Anime Expo 2012
Los Angeles, California, USA. July 4–July 7, 2013.
Let’s get one thing straight: Anime Expo is an exhausting convention. As North America’s largest anime convention, it’s got a long history and a big reputation to uphold, and it does so by pulling out all the stops: huge guests, big concerts, and a huge cash prize for winners of the cosplay masquerade.
Where last year was the year of Fate/Zero, this year was the year of Attack on Titan, with producer George Wada as a guest of honor and cosplayers of the series outnumbering almost any other in the hallways. Other cool highlights included Good Smile, the company behind the super-cute Nendroid line of figures, and huke, the artist behind Black Rock Shooter, getting together to release some Anime Expo figure exclusives for fans. These included Vocaloid and Madoka Magica figures and sold out quickly.
While this year’s concert was a shift from their normal super-relevant musical guests, having Porno Graffiti and a Visual Kei concert was such a nostalgia crash that I didn’t mind, and most other people didn’t seem to either. I’m not sure if it was intentional, but Anime Expo also managed to be the same weekend as a DBSK concert, the Korean boy band, and considering how much the K-pop fandom and the anime fandom collide, there were more than a few AX attendees who ended up over there. It wasn’t an SPJA (Society for the Promotion of Japanese Animation) event, but it sure seemed coincidental (then again, the other concert running that night was New Kids on the Block, so who knows).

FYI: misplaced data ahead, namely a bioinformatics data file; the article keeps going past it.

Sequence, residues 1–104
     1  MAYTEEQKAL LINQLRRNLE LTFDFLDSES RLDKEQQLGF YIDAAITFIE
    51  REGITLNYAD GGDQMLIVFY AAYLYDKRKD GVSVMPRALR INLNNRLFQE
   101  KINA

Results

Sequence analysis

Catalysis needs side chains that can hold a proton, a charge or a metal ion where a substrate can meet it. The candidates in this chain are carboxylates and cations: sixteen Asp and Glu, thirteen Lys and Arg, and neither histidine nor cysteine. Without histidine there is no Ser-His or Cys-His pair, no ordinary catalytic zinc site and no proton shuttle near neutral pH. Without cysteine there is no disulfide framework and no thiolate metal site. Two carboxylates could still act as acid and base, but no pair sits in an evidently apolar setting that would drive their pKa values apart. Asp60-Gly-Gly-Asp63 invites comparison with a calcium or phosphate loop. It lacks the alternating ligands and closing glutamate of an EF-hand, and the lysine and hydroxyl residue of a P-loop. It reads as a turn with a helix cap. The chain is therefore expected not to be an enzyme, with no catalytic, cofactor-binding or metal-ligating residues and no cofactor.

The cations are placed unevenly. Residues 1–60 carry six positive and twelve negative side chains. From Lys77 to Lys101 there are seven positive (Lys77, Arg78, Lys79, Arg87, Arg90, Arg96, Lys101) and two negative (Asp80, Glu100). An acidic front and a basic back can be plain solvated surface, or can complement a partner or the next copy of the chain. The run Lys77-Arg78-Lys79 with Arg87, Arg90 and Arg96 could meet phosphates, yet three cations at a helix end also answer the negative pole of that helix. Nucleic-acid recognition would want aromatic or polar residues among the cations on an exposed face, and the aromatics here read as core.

To be honest, coming back after a hiatus from AX to see the sea of people trying to get into the dealer’s room first thing made me completely back off and only start going near those doors once the crowd had eased – about noon or so. There are enough other things going on during the convention that unless there’s something you absolutely need to get (like the Good Smile exclusives), it’s usually better to just take it easy and wait it out. The Artist’s Alley was again at the back of the exhibit hall, which seems to be a good location – it’s still in the middle of everything and people are already in a shopping mood when they get there.
Also making a return was Lounge 21, instituted last year for AX’s 21st birthday. Here attendees could relax and get a drink, with either a live DJ or live band, depending on when you went, and this year’s Lounge was partly sponsored by Cosplay Deviants. At the con, there were also the normal staples of a huge gaming room and art auction, but new (and super cool) this year was the introduction of cosplay stages. In Japan, studios often set up particular sets and rent them out for cosplayers to use; schoolrooms, fancy mansions, and other room settings are the most common. Anime Expo took this idea and set up stages for cosplayers to go on and take pictures. There was a classroom, a bedroom done up in pink frills, and a dystopian sci-fi laboratory complete with rusty pipes. These stages were especially nice at a convention with few and far between locations for good cosplay photos.
One of the main deterrents for AX is the fact that all of the hotels are so spread out – if you don’t grab a room at the JW Marriott or the Luxe, you can count on taking a shuttle. The LA weather is just too much to be able to walk back and forth, so a reliable shuttle system is a must. Last year’s commute was a mess with the street closures due to the X Games, but this year’s was fast, on time, and comfortable. The buses were nice, and while you still had to plan around the shuttle schedule, it was definitely smoother than previous years.
AX can be very overwhelming if you aren’t prepared for it, but there are lots of ways to make sure it’s a fun convention. There’s always something to do while it’s open (the convention center closes at 2AM, which is probably for the best; it’s too exhausting to be a 24-hour con), and as long as you’re prepared and ready to plan out your time (or even decide to just play it completely loose and go with the flow), it’s a fun trip.